National Hockey League
Talent trumps experience in Cup Finals
National Hockey League

Talent trumps experience in Cup Finals

Published Jun. 1, 2011 1:00 a.m. ET

It has long been one of sports’ great questions, particularly in the postseason. How important is experience?

Putting Boston rookie Tyler Seguin into the last series against Tampa Bay turned some heads. Then he scored three goals and added three assists with Patrice Bergeron out. Playoff newbie Nathan Horton already has two Game 7 winners to his credit — the first player to ever do that in a postseason. And captain Zdeno Chara has yet to have his name engraved on Lord Stanley’s Cup.

Yes, the Boston Bruins, sporting sweaters not seen in the Cup Finals in 21 years, are answering the experience question rather emphatically.

So, too, are the guys who will be across the red line when the puck drops in Wednesday’s Game 1. The Vancouver Canucks, owners of the league’s best record this season, have not been to the Cup Finals since 1994 and have never won it. Considering that no Canadian team has won the Cup since 1993 and Roberto Luongo and Co. have more pressure than that put on them by Father Time.


So, two teams with little Cup experience meet, sporting fans with a desperation and hunger likely greater than that of the players. You can bet neither team is going to fold easily.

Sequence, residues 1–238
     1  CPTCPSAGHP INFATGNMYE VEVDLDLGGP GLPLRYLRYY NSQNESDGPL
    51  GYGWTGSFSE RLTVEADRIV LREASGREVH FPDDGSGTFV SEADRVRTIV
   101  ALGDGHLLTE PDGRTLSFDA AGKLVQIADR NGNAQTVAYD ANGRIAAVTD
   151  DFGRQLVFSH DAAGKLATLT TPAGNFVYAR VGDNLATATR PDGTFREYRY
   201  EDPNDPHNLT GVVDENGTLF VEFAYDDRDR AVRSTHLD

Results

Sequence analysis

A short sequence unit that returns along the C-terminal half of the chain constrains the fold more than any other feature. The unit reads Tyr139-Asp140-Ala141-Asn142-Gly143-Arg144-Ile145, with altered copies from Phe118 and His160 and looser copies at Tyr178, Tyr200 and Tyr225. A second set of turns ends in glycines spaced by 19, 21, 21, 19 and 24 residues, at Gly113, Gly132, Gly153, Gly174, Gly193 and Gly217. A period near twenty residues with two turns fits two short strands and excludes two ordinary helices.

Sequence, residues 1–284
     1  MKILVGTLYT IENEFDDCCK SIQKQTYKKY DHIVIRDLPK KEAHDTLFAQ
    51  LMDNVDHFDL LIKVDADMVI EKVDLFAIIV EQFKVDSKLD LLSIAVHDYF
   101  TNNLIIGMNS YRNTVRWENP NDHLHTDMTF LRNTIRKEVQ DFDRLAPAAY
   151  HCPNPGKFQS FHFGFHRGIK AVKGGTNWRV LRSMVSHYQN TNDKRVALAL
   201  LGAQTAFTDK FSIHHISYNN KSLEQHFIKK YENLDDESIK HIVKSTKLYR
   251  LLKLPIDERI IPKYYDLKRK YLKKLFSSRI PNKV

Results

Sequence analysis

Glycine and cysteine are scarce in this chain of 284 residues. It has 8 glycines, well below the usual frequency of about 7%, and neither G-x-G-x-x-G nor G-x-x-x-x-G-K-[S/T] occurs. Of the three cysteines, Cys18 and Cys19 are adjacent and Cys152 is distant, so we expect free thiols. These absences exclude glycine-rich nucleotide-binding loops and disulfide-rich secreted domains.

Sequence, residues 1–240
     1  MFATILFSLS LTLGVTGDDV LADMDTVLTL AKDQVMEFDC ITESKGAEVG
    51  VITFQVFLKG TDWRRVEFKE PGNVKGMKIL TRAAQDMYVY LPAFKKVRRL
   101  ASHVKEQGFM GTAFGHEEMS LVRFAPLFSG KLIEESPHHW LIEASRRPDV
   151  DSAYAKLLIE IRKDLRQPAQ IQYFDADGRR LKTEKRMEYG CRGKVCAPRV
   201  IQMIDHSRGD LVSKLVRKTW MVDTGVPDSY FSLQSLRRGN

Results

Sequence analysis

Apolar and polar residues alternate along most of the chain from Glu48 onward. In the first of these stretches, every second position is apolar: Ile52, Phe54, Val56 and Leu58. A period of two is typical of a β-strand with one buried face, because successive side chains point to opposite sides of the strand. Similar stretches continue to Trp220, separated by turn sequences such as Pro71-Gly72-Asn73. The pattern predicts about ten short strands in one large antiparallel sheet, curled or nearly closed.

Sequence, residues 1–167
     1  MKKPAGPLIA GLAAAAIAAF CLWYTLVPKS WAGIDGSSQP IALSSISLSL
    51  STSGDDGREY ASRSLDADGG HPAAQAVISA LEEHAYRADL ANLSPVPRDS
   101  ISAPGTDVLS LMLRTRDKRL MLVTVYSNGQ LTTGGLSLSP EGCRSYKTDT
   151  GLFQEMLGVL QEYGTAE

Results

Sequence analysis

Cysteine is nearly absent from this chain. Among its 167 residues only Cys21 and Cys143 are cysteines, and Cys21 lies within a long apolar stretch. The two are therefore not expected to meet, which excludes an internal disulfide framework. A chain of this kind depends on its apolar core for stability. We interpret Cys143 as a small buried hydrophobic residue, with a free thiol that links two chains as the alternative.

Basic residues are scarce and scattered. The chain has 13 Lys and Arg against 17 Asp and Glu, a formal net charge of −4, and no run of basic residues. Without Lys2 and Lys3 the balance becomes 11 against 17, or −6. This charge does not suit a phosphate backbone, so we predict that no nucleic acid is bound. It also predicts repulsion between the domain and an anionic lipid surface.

Because what they lack in Cup Finals experience they make up for with talent and strength. For example, no one can ignore the talent of Vancouver’s Sedin twins. Henrik and Daniel finished the regular season on top of the point standings and carried it over into the playoffs, teaming for 37 points in the 18 games they have played in the postseason.

But in order for their successes to continue, the first obstacle in their path is Chara. The 6-foot-9 Bruins defenseman knows how effective they are, and hopes to cool down the duo with some muscle.

“Being together for so long, and since growing up together, they know each other extremely well,” Chara said. “They know where they are, even without looking at each other. So it makes it obviously a challenge and hard to play against them, but we just have to try to take as much away from them as we can.”

It won’t be all about taking away, though. While Chara will be busy tying up the duo, the Bruins will have to attempt to bring their own fire. Riding Horton’s late tally in Game 7 of the Eastern Conference finals against Tampa Bay, the first line will continue to expect to take advantage of big opportunities. And the others will look to follow.

So how do they control the inexperience and expected nerves before Wednesday’s game? For forward Brad Marchand, the key is trying not to get caught up in the excitement or the wonder of it all, particularly if it causes a distraction from the game. The Bruins left for Vancouver on Monday afternoon with a large crowd of fans seeing them off at TD Garden, giving them 48 hours away from home to focus on the game.

“I’m trying to keep it out of my mind because if it starts sinking in I’m going to realize how big it is and I don’t want to get too nervous,” Marchand said. “So I’m just trying not to think about it at all and just make the days go by as fast I can, sleep the days away and hope I don’t realize what I’m doing here before the game starts.”


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